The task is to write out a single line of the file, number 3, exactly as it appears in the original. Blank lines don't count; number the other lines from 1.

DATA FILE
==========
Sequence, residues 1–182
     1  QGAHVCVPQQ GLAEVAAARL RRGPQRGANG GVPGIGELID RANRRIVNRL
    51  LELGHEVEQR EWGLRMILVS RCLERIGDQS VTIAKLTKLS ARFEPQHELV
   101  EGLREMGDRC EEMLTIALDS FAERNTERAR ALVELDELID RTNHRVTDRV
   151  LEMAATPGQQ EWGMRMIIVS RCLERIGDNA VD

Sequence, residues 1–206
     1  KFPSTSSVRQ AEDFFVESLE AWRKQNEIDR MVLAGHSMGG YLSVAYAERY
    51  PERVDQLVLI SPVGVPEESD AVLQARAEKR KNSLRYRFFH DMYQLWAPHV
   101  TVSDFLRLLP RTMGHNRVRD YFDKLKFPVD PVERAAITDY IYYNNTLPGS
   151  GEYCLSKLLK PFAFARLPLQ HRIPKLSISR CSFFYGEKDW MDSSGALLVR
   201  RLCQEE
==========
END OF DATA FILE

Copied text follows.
    51  LELGHEVEQR EWGLRMILVS RCLERIGDQS VTIAKLTKLS ARFEPQHELV